Forward-looking commercial activity notification would provide a mechanism for future manufacturers or processors of inactive chemicals to re-establish them as active with EPA to avoid TSCA violations. Under Lautenberg, it is a violation to manufacture or process an inactive substance for a non-exempt commercial purpose without first notifying EPA. EPA is proposing to require manufacturers and processors to file prospective notices on NOA Form B. Once submitted, the chemical will be deemed “active,” and the filing entity can begin manufacturing or importing as soon as the form is filed. To maintain the accuracy of this reporting, however, forward-looking notifications cannot be filed more than 30 days in advance of the date of actual manufacturing or processing.

Notification Exemptions

To ease burdens on industry, EPA is exempting from notification obligations and automatically declaring as active all non-confidential chemicals reported to EPA under the 2012 and 2016 TSCA Chemical Data Reporting (CDR) rules. However, confidential chemicals from these CDR reports will need to re-report to maintain confidential status.

EPA also is exempting from notification certain naturally occurring substances, chemicals produced in small quantities for R&D, chemicals imported as part of articles, and certain chemical categories described in 40 C.F.R. §§ 720.30(g) or (h). In addition, chemical substances added to the Inventory on or after June 22, 2016 through the New Chemicals pre-manufacture notice (PMN) process would be automatically designated as active.

Interim Substances List

Prior to publication of the final Inventory Notification Rule, EPA must issue an “interim” active substances list consisting of all chemicals reported under the TSCA 2012 CDR rule in order to assist industry to determine their notification obligations. That list later will be expanded after the 2016 CDR data becomes available.

How to Maintain Confidential Status

Finally, under the proposed rule, the confidential portion of the TSCA Inventory would continue to be maintained. Persons who wish to report chemical substances listed on the confidential portion of the TSCA Inventory would be required to report the chemical substances using a TSCA Accession Number and generic name.

Relatedly, however, the new rule also would substantially revise portions of the TSCA confidential business information (CBI) rules. If a company manufactures or imports a chemical that is currently on the confidential Inventory, and it wishes to maintain its confidential status, that request would have to be asserted in NOA Form A. If a chemical is identified as “active,” but no manufacturer or processor requests on their NOA Form A to maintain the existing CBI claim for chemical identity, EPA would move the chemical to the non-confidential portion. However, manufacturer substantiation that the claim is valid would not be required at the time NOA Form A is submitted. Instead, that issue will be addressed in a substantiation rule to be proposed within one year of publishing the first compiled list of active chemicals.1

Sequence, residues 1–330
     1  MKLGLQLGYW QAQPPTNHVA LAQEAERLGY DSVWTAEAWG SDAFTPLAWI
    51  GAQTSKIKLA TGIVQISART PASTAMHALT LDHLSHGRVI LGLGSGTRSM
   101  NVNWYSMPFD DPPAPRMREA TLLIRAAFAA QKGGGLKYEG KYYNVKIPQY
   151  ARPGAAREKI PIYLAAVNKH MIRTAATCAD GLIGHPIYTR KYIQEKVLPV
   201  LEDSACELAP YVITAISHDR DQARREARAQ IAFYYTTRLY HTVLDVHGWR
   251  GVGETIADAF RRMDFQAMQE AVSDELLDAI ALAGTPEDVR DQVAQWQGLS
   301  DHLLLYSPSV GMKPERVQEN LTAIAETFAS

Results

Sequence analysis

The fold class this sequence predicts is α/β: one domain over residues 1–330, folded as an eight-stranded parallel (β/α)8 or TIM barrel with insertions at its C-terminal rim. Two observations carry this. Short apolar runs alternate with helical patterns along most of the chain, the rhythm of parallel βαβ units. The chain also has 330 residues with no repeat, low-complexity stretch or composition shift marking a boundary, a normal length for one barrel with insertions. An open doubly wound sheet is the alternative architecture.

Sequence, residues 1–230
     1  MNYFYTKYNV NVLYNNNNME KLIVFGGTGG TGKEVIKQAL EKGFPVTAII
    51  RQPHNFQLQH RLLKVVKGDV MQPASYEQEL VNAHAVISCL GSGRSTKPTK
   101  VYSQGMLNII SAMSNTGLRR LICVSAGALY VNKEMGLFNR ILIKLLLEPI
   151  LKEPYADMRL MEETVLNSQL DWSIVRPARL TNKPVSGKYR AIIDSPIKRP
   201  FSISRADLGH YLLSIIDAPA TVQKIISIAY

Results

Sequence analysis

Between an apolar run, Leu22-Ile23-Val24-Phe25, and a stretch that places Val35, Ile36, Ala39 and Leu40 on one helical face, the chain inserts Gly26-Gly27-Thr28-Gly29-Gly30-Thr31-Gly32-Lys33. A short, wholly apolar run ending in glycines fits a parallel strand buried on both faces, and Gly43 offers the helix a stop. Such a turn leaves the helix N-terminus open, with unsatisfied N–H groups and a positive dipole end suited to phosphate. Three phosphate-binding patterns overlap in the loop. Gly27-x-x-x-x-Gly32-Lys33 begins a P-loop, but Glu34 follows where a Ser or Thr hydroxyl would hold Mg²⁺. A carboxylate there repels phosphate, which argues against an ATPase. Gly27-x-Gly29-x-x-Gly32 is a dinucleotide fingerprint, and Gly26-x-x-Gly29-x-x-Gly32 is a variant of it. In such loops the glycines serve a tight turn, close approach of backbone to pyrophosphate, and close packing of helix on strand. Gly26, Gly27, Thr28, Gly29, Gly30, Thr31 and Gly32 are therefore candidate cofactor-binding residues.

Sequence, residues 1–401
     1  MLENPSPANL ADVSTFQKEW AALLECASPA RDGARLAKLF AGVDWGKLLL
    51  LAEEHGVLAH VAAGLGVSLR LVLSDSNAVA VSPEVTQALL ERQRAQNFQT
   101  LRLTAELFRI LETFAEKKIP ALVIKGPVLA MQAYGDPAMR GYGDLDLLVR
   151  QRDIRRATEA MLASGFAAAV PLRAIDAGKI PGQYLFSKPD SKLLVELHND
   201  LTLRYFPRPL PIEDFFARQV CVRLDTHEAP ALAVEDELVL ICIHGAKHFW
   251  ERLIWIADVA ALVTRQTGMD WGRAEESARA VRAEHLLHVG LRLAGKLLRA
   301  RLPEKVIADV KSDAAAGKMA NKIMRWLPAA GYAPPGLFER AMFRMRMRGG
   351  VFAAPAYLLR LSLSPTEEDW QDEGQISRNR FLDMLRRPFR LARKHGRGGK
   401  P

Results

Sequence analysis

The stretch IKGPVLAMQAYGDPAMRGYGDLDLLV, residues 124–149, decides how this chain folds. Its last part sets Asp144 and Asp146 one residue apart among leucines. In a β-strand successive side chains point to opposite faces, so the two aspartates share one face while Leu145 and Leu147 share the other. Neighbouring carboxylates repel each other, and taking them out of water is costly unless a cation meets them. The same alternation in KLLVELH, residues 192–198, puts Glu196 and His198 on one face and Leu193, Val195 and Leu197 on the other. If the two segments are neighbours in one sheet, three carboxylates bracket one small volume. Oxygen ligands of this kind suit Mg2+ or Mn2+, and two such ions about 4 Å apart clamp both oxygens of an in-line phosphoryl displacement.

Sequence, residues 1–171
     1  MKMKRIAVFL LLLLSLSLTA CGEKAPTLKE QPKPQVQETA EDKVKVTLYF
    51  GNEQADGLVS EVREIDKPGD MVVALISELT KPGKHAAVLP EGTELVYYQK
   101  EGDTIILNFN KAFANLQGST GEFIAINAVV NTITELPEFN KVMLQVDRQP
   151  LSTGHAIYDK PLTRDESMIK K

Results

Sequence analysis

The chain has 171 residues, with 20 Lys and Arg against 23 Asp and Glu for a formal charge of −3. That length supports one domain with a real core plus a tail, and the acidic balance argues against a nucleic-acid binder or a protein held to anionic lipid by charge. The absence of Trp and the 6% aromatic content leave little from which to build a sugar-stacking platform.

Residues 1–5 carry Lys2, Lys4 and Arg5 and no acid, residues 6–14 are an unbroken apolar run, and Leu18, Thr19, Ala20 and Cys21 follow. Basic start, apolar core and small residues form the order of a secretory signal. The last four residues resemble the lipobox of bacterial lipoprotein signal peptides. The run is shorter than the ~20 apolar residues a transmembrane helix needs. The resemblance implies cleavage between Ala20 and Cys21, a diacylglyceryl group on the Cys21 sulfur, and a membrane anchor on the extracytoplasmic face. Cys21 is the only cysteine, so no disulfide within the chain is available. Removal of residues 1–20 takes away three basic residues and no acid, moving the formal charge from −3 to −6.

In contrast, requests to maintain existing CBI claims for a specific chemical identity on the forward looking NOA Form B will need to be substantiated not later than 30 days after submitting the NOA Form B or at the same time that NOA Form B is filed. The same set of questions used for NOA Form A will be required for NOA Form B.2   


Nonetheless, a manufacturer can voluntarily substantiate chemical identity confidentiality claims up front with the NOA Form A submission by answering eleven questions that EPA has included in the current proposed rule. These questions seek to establish whether or not a chemical’s identity is legitimately protected, and that the information is unavailable to the public through means other than the TSCA Inventory (e.g., Can the substance be reverse engineered? Is it patented? Is its identity anywhere else in the public domain (e.g., journals, promotional materials). See 40 C.F.R. § 710.37(a)(1)(iii).  

Certain other elements of NOA Forms A & B (other than chemical identity) can also be claimed as confidential but substantiation is required when NOA Form A or B is filed.  Responses to the substantiation questions set forth at §710.37(b)(1) must be included with the submission.